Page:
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the same, but that is merely a preliminary examination and approval. The question as to whether or not the proceedings of the House are correctly or incorrectly recorded is always under the control of the House itself.Journal, 1, 50, p. 2945.

When the question on approval of the Journal has been omitted or postponed on several successive days, the question on approving each of them respectively is taken in the chronological order of the Journals.-Journal, 2, 53, pp. 337, 338.

Since the rule authorizing the presentation of petitions by delivery to the Clerk for reference under Rule XXII, clause 1, that portion of the Journal which contains the record of petitions handed to the Clerk is not usually read.

The list of bills introduced and referred by delivery to the Clerk or Speaker and reports on private bills are not, according to the practice, read in the House. But it would seem to be the right of any Member to demand the reading of the entire Journal, including such lists.

The names of Members voting and of those failing to answer on a roll call are not read unless the reading is specially demanded.

Every motion made to the House and entertained by the Speaker shall be reduced to writing on the demand of any Member, and shall be entered upon the Journal with the name of the Member making it, unless it is withdrawn the same day.--Rule ITI, clause 1.

And such motions are often inserted even where subse. quently withdrawn, especially where a vote is taken intermediately between its being submitted and withdrawn. All motions, however, to be entered on the Journal must be first entertained and submitted by the Speaker, or if in writing must be read by the Clerk by direction of the Speaker.

Members having petitions or memorials or bills of a private nature to present may deliver them to the Clerk, indorsing their names and the reference or disposition to be made thereof; and said petitions and memorials and bills of a private nature, except such as, in the judgment of the Speaker, are of an obscene or insulting character, shall be entered on the Journal with the names of the Members presenting them.-Rule XXII, clause 1.

All other bills, memorials, and resolutions, may in like manner be delivered, indorsed with the names of Members introducing them, to the Speaker, to be by him referred, and the titles and references thereof shall be entered on the Journal.Rule XXII, clause 3.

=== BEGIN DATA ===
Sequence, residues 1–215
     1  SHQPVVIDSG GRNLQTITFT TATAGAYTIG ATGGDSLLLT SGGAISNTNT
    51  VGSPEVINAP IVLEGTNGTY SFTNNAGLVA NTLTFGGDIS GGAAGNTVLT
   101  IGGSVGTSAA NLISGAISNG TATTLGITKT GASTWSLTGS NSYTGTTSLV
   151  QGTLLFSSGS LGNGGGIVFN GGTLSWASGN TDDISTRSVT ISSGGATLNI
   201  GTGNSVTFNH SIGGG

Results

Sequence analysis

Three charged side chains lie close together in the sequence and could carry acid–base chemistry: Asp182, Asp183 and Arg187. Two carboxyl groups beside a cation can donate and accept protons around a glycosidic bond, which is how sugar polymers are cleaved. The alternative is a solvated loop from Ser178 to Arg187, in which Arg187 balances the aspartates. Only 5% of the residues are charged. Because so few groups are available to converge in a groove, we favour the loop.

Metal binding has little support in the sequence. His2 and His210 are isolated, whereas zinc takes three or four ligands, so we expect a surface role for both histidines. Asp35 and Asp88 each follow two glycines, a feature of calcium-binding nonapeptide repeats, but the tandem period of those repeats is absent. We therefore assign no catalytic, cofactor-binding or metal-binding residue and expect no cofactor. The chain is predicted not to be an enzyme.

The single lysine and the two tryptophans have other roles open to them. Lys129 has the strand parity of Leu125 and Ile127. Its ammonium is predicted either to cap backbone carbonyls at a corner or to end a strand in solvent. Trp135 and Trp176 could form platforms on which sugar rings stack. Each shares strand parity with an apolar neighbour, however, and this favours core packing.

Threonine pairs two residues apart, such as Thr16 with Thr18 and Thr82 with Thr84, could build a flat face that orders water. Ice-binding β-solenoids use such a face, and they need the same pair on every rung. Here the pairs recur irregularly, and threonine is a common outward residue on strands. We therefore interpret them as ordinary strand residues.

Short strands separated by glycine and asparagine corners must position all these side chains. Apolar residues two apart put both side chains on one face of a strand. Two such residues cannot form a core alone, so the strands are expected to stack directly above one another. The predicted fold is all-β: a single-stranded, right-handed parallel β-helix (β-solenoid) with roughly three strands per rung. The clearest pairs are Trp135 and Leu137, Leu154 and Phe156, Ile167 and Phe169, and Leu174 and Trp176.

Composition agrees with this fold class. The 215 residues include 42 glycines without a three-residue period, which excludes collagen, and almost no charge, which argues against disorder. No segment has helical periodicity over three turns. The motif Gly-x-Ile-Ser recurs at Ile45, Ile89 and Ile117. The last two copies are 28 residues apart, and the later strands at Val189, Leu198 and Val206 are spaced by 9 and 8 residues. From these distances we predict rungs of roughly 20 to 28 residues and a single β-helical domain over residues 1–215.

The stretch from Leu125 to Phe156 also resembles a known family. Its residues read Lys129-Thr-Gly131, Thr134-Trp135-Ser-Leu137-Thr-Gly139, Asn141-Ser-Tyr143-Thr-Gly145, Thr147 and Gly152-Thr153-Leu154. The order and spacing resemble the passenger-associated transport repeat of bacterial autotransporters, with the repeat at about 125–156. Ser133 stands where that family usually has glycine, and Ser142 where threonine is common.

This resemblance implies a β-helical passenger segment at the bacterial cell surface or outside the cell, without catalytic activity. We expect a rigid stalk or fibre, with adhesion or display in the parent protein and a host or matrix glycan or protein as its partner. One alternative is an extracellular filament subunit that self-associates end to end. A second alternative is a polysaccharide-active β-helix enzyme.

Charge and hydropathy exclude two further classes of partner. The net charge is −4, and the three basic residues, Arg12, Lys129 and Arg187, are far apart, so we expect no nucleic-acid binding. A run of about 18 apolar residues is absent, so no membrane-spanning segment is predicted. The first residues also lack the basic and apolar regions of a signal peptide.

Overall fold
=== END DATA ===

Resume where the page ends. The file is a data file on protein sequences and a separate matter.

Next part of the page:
The hour at which the House adjourns shall be entered on the Journal.-Rule XVI, clause 5.

The entry of petitions and memorials, as stated in Rule XXII, clause 1, is construed to require simply the entry of a brief statement of their contents, their reference, etc.

The names of the absentees reported upon a roll call in Committee of the Whole “shall be entered on the Journal.”—Rule XXIII, clause 2.

All questions of order shall be noted by the Clerk, with the decisions, and put together at the end of the Journal of every session.-Rule III, clause 3.

The Clerk shall, as soon after the close of each session as possible, complete the printing, and distribution to Members and Delegates, of the Journal of the House, together with an accurate and complete index to the same.Rule III, clause 3.

It shall be the duty of the Clerk of the House, at the end of each session, to send a printed copy of the Journal thereof to the executive and to each branch of the legislature of every State.-Rule III, clause 3.

Extracts from the Journal, duly certified by the Clerk, shall be admitted as evidence in the several courts of the United States, and shall have the same force and effect as the original thereof would have if produced in court and proved.--R. S., sec. 895.

JUDICIARY, COMMITTEE ON THE.

(See. Committees.)

JURISDICTION OF COMMITTEES.

It is not essential in all cases that a bill should be introduced and referred to a committee to give such committee the right to report on the subject; it is sufficient if the subject be referred to it either in the form of a petition or an executive or other communication or generally by the rules of the House.

In this manner the Committee on Appropriations and other committees, whose duty it is to report general appropriation bills, acquire jurisdiction to prepare and report the general appropriation bills, these bills originating in the committee and being also based on estimates previously referred to it.

It is not competent for a committee to report a bill when the subject matter has not been referred to it by the House, by the rules or otherwise.Journals, 1, 31, p. 590; 1, 45, p. 159.

A committee has no right to submit any report to the House unless it relates to a subject over which it has jurisdiction by the Rules of the House, or by a reference of the subject to it by order of the House.—Journal, 1, 48, p. 1108. It was held in the Fifty-third Congress that the Committee on Rules were authorized to report on the rules or order of business, notwithstanding the proposed rule or order had not been specially referred to that committee.—Journal, 1, 53, p. 96.

Reference of a proposition to a committee by the House confers jurisdiction upon it.-Journal, 1, 41, p. 87.

It is competent for the House to refer a bill to any committee regardless of the ordinary jurisdiction of such committee.Journal, 1, 48, p. 703.